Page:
1.3       Justification of Study                                                                                     3

1.4       Aim and Objectives                                                                                        4

1.5       The Main Objectives of the Study                                                                  4


CHAPTER 2: LITERATURE REVIEW                                                              5

2.1       Spreading of Polycyclic Aromatic Hydrocarbons (PAHS) in Nature            5

2.2       Contamination of Soils                                                                                   6

2.3       Health Impact of Polycyclic Aromatic Hydrocarbons (PAHS)                     7

2.3.1.   Impact of PAHS on human                                                                            8

2.3.2.   Impact of PAHS on animal                                                                            11

2.3.3    Impact of PAHS on plant                                                                               13

2.4       Polycyclic Aromatic Hydrocarbons as Constituent of Petroleum

            Contaminants                                                                                                  13

2.4.1    Number of rings in PAHs compounds                                                            18

2.4.2    Interactions between soil and hydrocarbons                                                  23

2.5       Biodegradation of Hydrocarbons                                                                   25

2.5.1    Role of indigenous microorganisms in remediation of contaminated soils    25

2.5.2    Factors affecting the rate of biodegradation of polyaromatic hydrocarbons 27 Temperature                                                                                                    27 Soil Characteristics                                                                                         28 pH                                                                                                                   28 Oxygen                                                                                                           29 Nutrient availability                                                                                        30 Microorganisms number and catabolism evolution                                         30 Consortium of microorganisms                                                                       31 Bioavailability                                                                                                 32 Contaminant characteristics                                                                            33 Toxicity of end-products                                                                              34 Moisture                                                                                                        35 Organic matter                                                                                              35 Oil surface and concentration                                                                       35 Salinity                                                                                                          36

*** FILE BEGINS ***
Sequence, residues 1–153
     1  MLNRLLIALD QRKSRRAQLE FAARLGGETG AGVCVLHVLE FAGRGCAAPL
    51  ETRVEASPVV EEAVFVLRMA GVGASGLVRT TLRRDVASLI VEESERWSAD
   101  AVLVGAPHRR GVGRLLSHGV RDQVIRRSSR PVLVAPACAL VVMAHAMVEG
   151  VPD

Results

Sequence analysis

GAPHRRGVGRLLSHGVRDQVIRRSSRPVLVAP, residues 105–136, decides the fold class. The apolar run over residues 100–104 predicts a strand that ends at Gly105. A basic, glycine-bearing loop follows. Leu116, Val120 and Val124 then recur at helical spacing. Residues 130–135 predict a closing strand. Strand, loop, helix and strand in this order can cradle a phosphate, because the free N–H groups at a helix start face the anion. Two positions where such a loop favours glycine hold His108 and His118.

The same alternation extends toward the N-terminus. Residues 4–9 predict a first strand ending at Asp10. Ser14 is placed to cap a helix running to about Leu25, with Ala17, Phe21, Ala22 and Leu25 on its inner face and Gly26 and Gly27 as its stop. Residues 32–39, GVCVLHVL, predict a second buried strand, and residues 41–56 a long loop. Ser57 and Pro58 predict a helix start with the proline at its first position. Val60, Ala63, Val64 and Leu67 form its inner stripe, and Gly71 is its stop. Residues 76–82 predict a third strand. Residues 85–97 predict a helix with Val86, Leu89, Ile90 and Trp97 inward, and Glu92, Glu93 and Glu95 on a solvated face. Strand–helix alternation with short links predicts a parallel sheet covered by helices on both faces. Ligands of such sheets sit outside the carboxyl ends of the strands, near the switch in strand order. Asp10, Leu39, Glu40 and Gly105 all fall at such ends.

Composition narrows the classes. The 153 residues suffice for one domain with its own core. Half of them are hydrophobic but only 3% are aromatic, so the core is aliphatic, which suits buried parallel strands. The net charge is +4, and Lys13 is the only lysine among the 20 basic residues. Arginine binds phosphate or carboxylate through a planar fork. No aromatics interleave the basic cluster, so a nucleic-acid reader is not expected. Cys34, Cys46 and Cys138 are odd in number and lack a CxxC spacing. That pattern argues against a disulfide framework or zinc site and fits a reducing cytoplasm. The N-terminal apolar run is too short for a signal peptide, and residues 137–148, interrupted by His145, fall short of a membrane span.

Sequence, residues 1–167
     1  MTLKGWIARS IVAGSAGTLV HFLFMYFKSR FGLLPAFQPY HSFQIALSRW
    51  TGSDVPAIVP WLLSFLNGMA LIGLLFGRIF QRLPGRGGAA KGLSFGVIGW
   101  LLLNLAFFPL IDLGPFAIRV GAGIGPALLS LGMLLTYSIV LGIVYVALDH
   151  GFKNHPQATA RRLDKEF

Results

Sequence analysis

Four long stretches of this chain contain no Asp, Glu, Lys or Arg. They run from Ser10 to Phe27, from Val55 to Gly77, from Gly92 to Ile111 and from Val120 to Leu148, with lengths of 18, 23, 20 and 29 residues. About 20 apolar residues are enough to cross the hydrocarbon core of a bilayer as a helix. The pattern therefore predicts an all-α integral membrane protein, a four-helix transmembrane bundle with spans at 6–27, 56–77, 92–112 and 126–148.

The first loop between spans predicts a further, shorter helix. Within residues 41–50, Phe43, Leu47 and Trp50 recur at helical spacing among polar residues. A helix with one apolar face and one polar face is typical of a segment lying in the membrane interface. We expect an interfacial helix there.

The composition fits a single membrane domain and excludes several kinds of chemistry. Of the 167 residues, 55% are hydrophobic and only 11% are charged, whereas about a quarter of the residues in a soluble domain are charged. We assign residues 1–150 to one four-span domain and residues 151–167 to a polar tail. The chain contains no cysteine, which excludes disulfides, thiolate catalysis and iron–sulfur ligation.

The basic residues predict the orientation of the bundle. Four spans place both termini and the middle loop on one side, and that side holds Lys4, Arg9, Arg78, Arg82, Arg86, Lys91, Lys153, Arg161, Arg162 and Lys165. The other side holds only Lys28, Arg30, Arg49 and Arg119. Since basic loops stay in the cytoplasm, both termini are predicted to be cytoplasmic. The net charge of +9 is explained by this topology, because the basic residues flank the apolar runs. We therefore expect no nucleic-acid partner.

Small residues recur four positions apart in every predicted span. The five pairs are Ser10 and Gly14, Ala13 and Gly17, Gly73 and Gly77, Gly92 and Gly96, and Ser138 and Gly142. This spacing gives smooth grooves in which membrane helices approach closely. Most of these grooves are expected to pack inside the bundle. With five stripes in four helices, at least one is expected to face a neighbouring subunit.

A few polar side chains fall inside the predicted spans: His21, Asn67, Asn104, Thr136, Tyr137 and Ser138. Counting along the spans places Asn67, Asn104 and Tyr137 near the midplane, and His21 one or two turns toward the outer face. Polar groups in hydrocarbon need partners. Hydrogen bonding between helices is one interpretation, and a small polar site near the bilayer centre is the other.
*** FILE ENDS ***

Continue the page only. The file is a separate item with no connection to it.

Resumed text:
2.6       Bioremediation                                                                                               36

2.6.1    Bioremediation techniques                                                                             38 Biological analysis                                                                                         39 Soil respirometry                                                                                          39  Luminescence techniques                                                                           39 Dehydrogenase activity                                                                               40 Chemical analysis                                                                                           40 Gas chromatography (GC)                                                                           40 Gas chromatography/mass spectroscopy (GC/MS)                                     41 Gas chromatography/flame ionization detection (GC/FID)                        41 Fluorescence analysis                                                                                   41 Use of internal petroleum biomarkers                                                          42 Total petroleum hydrocarbon/infrared spectroscopy (TPH/IRS) –

                            Total petroleum hydrocarbon/gas chromatography (TPH/GC)                  42   Gravimetric analysis                                                                                   43

2.7       Pseudomonas spp. Involved in Biodegradation                                             44

2.7.1    Pseudomonads classification                                                                         45

2.7.2    General characteristics                                                                                    45

2.8       Response to oil Contamination                                                                       48